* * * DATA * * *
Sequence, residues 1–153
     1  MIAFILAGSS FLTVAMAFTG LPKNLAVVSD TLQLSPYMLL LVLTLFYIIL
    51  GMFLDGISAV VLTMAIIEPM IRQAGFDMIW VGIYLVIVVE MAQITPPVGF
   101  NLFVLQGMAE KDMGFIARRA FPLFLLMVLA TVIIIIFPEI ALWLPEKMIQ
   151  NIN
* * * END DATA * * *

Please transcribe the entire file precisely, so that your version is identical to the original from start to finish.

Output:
Sequence, residues 1–153
     1  MIAFILAGSS FLTVAMAFTG LPKNLAVVSD TLQLSPYMLL LVLTLFYIIL
    51  GMFLDGISAV VLTMAIIEPM IRQAGFDMIW VGIYLVIVVE MAQITPPVGF
   101  NLFVLQGMAE KDMGFIARRA FPLFLLMVLA TVIIIIFPEI ALWLPEKMIQ
   151  NIN